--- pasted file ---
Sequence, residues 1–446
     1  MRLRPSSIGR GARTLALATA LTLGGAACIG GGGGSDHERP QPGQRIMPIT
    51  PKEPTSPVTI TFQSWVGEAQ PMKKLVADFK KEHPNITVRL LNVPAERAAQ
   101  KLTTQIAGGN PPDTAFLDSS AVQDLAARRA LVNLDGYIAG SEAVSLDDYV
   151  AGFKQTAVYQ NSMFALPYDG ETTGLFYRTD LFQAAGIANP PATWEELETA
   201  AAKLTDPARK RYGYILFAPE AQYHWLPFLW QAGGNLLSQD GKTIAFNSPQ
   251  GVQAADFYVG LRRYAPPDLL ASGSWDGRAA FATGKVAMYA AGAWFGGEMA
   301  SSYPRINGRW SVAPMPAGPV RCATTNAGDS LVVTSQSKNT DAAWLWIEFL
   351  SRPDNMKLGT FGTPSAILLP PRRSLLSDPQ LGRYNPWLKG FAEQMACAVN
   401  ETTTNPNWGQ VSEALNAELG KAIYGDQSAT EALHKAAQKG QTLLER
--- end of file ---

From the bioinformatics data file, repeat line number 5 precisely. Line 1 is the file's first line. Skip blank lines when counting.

   151  AGFKQTAVYQ NSMFALPYDG ETTGLFYRTD LFQAAGIANP PATWEELETA